6 Example: To align the constellation dial for 21:00 on June 11 at a position 5 east of the standard time longitude, turn the constellation dial clockwise until the point on the dial s right ascension scale opposite 21:20 is in line with the point on the date scale corresponding to June Concerning the Constellation Dial Display June 11 21:20 The fixed stars are generally classified into the following four spectral types according to their spectra. Light blue.. spectrum O or B type stars 128 stars Silver... spectrum A or F type stars 134 stars Yellow... spectrum G or K type stars 161 stars Orange... spectrum M type stars 29 stars (7) Push the crown into its normal position. Stellar magnitudes are displayed near the right ascension graduations of 2h 3h on the constellation dial. Increments on the date scale are calibrated for 12 noon Universal Time over the mean year. Hard-to-differentiate neighboring stars (including multiple stars) are indicated in terms Wide lines of the date scale are indicated for the 1st, 11th and 21st of each month. Narrow of synthetic brightness, with the color being that of the spectral class for the main lines of the date scale are indicated for the 6th, 16th and 26th of each month. During the time the right ascension scale of the constellation dial is hidden, align with the right (brightest in appearance) star in the binary stars. ascension scale approximately 2 hours ahead of the current time at the same date position of Variable stars are not distinguished from other fixed stars. the previous month. The major nebulae and star clusters are displayed in light green on the constellation In areas where summer time is in force, align with the right ascension scale one hour before dial. the calculated time at the date scale. The star clusters of Pleiades and Hyades are shown together in the fixed star group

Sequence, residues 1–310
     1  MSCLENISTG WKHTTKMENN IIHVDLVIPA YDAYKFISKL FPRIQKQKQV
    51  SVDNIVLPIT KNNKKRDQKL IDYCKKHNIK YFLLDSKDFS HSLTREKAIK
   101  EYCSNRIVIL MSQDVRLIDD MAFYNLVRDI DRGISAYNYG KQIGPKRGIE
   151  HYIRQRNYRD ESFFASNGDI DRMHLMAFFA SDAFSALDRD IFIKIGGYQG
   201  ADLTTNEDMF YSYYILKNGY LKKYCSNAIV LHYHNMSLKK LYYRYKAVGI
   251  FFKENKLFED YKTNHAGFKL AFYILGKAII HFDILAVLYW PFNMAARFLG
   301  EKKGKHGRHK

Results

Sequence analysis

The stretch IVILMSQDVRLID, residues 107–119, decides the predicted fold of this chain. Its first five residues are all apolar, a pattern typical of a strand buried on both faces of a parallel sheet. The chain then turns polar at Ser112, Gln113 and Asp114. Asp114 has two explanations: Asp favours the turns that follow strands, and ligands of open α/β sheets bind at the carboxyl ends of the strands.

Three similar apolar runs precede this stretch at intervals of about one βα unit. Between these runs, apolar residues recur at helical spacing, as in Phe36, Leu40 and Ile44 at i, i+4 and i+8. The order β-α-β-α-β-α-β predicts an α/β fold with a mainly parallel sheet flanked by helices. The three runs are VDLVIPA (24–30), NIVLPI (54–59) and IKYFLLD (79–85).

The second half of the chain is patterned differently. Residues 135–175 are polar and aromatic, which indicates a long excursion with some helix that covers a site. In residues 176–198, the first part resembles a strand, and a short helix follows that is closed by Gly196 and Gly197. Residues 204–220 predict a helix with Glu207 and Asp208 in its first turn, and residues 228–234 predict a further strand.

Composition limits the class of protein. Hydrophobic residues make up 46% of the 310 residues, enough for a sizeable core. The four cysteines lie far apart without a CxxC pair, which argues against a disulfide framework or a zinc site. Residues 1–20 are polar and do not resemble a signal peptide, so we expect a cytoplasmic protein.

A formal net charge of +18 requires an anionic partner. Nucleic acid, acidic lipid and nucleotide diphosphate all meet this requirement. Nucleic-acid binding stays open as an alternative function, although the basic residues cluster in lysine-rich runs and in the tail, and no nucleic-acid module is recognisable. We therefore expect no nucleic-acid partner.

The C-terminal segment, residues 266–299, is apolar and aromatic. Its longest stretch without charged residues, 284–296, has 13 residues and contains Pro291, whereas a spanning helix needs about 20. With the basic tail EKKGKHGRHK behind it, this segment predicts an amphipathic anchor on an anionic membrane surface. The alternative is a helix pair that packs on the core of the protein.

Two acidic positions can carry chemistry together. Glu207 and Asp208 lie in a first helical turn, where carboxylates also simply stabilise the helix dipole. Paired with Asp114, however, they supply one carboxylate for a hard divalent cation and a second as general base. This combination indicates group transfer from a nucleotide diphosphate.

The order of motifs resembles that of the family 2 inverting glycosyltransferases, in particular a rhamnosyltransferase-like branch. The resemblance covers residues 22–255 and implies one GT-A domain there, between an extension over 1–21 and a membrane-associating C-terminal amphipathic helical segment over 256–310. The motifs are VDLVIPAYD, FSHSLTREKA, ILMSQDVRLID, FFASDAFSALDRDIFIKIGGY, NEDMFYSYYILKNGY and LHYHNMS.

7 6. Abbreviations of Constellations and their Full Spellings Abbreviations Full spellings Abbreviations Full spellings And Andromeda Cet Cetus Ant Antlia Cha Chamaeleon Aps Apus Cir Circinus Aql Aquila CMa Canis Major Aqr Aquarius CMi Canis Minor Ara Ara Cnc Cancer Ari Aries Col Columba Aur Auriga Com Coma Berenices Boo Bootes CrA Corona Australis Cae Caelum CrB Corona Borealis Cam Camelopardalis Crt Crater Cap Caprico Crv Corvus Car Carina Cru Crux Cas Cassiopeia CVn Canes Venatici Cen Centaurus Cyg Cygnus Cep Cepheus Del Delphinus Abbreviations Full spellings Abbreviations Full spellings Dor Dorado LMi Leo Minor Dra Draco Lup Lupus Equ Equuleus Lyn Lynx Eri Eridanus Lyr Lyra For Fornax Men Mensa Gem Gemini Mic Microscopium Gru Grus Mon Monoceros Her Hercules Mus Musca Hor Horologium Nor Norma Hya Hydra Oct Octans Hyi Hydrus Oph Ophiuchus Ind Indus Ori Orion Lac Lacerta Pav Pavo Leo Leo Peg Pegasus Lep Lepus Per Perseus Lib Libra Phe Phoenix 12 13